Hot Take: Scorsese’s passion project took 20+ years to make it to the cinema. It’s hard to believe a film of its caliber with a director of Scorsese’s pedigree was this difficult to get financial support. Then again, it won’t make any money at the box office so you’d be hard pressed to fault the studios.
Silence is one of those films that you watch and realize why someone would become so obsessed with getting it made. You also realize, as the film spans 161 minutes and deals with very deep philosophical issues, why many studios wouldn’t give the film the time of day even with an auteur such as Martin Scorsese as the obsessed artist looking to bring the film to life. Silence is beautifully shot and well thought out. It’s a real think piece. It’ll also be lucky to break even despite its somewhat modest (in modern terms) $40 million budget.
The film itself is excellent. Andrew Garfield and Adam Driver, two very non-Portuguese actors, portray Father Sebastiao Rodrigues and Father Francisco Garupe, two Portuguese Jesuit priests who beg the church for permission to go to Japan to find out what really happened to Father Cristovao Ferreira (Liam Neeson) after word comes from Japan that Father Ferreira has apostatized. Apostatizing is the act of renouncing your religion which was a Japanese focus in the 17th century as the country felt invaded by Christians attempting to convert the Japanese citizens to Christianity.
Both Garfield and Driver do a serviceable job as the two priests but learning that there was once talk of Daniel Day-Lewis and Benicio Del Toro in the roles (and even rumors of Javier Bardem for one of the roles), you get the feeling this could have been better. There’s the whitewashing aspect that rears its head, too. Neither Garfield nor Driver are Portuguese which brings in ancillary issues to a film that is already filled with discussion points.
The story boils down to one of faith and how can it withstand being tested in the face of torture and violence. Garfield’s Father Rodrigues takes the lead role in the film and we follow him from one test of faith to another. It’s a road most would choose not to travel but we also get his perspective through Garfield’s narration of most of the film in the form of a letter sent back to the church that he is unsure will ever reach its destination. It acts more as a journal with depth of insight of his thought process as these horrific events occur around him due to Japan’s lack of acceptance of their religious practice.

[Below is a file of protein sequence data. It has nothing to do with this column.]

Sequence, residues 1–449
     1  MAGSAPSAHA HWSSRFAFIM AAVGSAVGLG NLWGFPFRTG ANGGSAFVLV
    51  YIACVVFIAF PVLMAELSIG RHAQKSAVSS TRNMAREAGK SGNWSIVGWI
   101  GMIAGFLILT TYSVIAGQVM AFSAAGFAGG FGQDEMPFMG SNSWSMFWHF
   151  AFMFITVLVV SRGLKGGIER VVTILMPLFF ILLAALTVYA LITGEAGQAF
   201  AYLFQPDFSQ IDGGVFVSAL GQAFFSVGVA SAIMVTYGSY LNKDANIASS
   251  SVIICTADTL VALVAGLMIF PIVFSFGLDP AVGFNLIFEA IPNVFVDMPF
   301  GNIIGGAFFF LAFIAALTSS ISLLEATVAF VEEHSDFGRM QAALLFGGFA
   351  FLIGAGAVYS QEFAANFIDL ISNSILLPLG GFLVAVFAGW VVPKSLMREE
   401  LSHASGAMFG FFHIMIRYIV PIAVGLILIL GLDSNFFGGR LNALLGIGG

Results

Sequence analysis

As the film progresses, you realize this is one that will be appreciated more after its theatrical run as many will be unlikely to make the trip to the cinema to see it. Scorsese’s fingerprints are all over the film. His cinematographer Rodrigo Prieto and the setting of Taiwan (where the film was shot) provide stunning visuals. It’s a deep film, the anti-popcorn flick. It’s as far away from mindless summer films as you can get outside of the three recognizable actors in the movie who once played Spider-Man, Kylo Ren and Zeus.
Unfortunately, widespread respect for what Scorsese accomplishes with Silence is unlikely to come without time unless the film earns enough recognition from the Academy to get people into theaters to see what his labor of love has bestowed. For those who do make the trip to the cinema to see it, they’ll be faced with the challenge of processing the film’s rather intellectual look at faith while also dealing with some very graphic depictions of hardship and, in some cases, torture which the priests endured in their nightmare of a spiritual journey.
“Spoiler Free” Pros
- Liam Neeson
Neeson’s Father Ferreira is the genesis of the mission our main characters are on. He appears briefly in the opening of the film and then again later. His role is vital to the plot and Neeson turns in the strongest performances in the movie.
- Perfectly Photographed
What’s amazing about the way Silence looks is that, from afar, it looks like a film from a few decades ago but it also looks as crisp and clean as anything made today. The locations chosen for shooting should also be recognized as the scenic landscapes provide an authentic backdrop for the movie.
- Silence Raises Questions
Silence has you asking yourself questions, especially if you are one of faith. Could you withstand the trials these people did in their quest to honor their faith? Is honoring your faith really that important?
“Spoiler Free” Cons
- The Length
Silence leaves no stone unturned. At some points, though, it feels like it is even overturning the pebbles as every minute detail is explored. The problem is there is an occasional feeling that Silence could have been tighter and more effective had it had less to say.